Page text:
Aftermarket Insider Issue 82 - (Page 16)

A SS o c i At i o N N E w S head of the class Gustafson’s Auto Clinic, Inc./Tirecraft 20 12 16 | AFTERMARKET INSIDER | VOLUME 82 The AAIA Education Committee, sponsor of the AAIA Head of the Class Award, has been interviewing winners of the 2012 award to learn more about each company’s philosophy and success with its education and training investment. Gustafson’s is a recipient of the 2012 Head of the Class Award – Repair Shop Category. Gustafson’s is a nine-person shop located in Athabasca, Alberta, Canada, a town of approximately 3,000 people located 90 miles north of Edmonton. How has your training strategy evolved? How did you recognize that training was so important? Stacey and Kevin Gustafson are no strangers to understanding the importance of education and training. Kevin’s father started Gustafson’s Auto Clinic/ Tirecraft in June 1984. Stacey’s family was in the restaurant business, so they both grew up in family businesses that required constant learning and solid customer service. Stacey and Kevin took over the business from Kevin’s father in 1997. Since that time, they have made substantial improvements to the company through their dedication to education and managing the business for increased profitability. They want to make sure that they and their staff are ready to service the vehicles coming into their bay five years from now. In addition, the province of Alberta, Canada has an automotive service technician trade regulation that requires 1,500 hours of on-the-job and technician training courses. Kevin, a licensed automotive service technician, went through the apprentice program where he learned the value of new technology and keeping ahead of the competition (Apprenticeship and Industry Training Act, Automotive Service Technician Trade Regulation). They have always worked with their suppliers and read magazines, but have added a dedicated lab with DVDs and manuals that can be borrowed. Each employee now has his own laptop and has access to online training. They also send their employees, free-of-charge and with pay, to live courses. In order for employees to understand how their work contributes to the success of the entire company, employees are trained in shop processes and business management. Every employee is required to go through a complete technical development assessment, full vehicle inspection performance and soft skills training, such as customer service and proper etiquette. Stacey says they hire the best people around, who can understand they are an extension of the company. Each employee has an established training path.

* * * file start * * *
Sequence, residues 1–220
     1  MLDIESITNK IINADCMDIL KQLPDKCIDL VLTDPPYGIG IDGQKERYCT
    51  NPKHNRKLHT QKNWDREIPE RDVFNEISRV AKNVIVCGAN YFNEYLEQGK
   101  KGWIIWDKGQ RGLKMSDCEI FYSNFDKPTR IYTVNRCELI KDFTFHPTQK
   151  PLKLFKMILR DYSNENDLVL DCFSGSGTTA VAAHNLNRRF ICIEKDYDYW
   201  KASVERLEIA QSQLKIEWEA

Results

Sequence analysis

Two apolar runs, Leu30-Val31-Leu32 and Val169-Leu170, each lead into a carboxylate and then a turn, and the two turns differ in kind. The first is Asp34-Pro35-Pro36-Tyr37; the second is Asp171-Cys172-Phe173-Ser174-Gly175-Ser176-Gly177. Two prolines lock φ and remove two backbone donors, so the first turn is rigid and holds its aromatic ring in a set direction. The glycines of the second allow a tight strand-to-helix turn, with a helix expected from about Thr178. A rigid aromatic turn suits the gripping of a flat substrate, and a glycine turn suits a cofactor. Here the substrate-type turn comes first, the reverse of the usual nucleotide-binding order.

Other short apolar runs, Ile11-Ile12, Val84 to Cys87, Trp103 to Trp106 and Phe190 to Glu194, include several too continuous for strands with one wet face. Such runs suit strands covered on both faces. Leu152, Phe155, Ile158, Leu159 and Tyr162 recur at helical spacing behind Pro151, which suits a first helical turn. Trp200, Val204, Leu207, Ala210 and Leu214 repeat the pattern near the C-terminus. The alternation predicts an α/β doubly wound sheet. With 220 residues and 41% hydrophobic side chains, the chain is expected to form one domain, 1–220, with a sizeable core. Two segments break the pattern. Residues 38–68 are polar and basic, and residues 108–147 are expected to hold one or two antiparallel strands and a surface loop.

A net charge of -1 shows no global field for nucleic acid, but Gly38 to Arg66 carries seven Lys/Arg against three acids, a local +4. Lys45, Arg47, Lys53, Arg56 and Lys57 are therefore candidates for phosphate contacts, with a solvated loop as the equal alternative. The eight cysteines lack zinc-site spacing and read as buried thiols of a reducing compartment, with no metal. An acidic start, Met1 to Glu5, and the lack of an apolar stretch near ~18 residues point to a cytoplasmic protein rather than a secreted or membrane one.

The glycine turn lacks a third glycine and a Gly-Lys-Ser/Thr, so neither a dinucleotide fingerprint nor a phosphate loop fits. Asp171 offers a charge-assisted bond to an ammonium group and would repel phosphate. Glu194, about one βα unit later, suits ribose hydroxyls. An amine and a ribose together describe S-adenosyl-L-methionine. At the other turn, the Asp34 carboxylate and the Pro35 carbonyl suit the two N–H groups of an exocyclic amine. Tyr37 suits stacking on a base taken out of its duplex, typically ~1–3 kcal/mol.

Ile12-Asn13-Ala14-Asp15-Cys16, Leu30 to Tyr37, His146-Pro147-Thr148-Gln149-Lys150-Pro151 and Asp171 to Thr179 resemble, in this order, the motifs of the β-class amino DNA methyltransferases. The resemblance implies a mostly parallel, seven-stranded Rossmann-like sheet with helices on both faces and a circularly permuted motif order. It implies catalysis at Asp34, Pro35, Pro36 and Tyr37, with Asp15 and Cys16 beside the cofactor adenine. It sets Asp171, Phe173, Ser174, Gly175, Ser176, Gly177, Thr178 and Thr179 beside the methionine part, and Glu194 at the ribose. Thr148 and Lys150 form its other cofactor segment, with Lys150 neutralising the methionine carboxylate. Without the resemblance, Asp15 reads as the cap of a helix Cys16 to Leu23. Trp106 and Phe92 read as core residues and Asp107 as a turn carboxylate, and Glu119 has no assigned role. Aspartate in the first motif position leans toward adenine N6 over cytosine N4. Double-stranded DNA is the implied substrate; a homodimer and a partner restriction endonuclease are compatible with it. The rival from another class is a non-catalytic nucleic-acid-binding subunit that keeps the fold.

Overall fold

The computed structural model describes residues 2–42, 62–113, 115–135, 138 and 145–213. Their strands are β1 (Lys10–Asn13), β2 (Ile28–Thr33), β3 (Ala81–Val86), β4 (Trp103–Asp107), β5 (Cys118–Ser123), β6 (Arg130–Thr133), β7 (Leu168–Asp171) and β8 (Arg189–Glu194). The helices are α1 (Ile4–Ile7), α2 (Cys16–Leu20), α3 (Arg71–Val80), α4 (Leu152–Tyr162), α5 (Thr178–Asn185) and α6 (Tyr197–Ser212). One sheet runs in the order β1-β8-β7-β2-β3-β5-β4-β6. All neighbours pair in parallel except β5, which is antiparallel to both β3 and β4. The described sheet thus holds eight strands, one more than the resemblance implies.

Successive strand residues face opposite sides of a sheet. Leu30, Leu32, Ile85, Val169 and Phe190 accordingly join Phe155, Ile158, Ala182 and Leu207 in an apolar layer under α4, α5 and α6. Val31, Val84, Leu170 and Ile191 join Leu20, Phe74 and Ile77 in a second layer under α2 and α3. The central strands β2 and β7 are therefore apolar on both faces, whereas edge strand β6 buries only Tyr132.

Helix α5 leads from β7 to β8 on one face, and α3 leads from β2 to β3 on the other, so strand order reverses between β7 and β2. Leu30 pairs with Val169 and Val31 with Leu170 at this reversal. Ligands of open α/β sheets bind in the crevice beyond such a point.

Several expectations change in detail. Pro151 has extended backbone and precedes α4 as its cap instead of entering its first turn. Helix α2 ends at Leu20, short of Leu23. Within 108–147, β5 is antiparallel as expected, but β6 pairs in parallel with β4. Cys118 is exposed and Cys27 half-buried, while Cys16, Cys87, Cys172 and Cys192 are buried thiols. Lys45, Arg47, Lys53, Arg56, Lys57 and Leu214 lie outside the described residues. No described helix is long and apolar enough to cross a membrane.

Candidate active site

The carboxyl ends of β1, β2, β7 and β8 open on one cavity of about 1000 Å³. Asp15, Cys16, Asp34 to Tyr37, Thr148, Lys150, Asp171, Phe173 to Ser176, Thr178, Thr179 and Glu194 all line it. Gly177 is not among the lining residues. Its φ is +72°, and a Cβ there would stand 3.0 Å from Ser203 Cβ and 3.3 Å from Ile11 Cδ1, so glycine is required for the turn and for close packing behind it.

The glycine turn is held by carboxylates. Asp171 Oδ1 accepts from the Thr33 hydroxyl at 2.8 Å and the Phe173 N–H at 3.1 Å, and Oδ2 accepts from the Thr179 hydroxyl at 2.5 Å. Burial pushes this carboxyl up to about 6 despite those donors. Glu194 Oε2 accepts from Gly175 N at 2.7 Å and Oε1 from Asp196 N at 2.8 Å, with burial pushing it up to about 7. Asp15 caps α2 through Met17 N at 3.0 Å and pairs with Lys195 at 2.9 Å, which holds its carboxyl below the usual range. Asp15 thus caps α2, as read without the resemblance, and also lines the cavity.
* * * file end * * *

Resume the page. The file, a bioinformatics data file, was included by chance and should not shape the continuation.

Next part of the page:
Table of Contents for the Digital Edition of Aftermarket Insider Issue 82

Aftermarket Insider Issue 82
President’s Message
Segment News
Essential Information
Company Profile
Government Affairs
Member Profile
Inside Technology
Software Piracy in the Aftermarket
Head of the Class
Market Intelligence

Aftermarket Insider Issue 82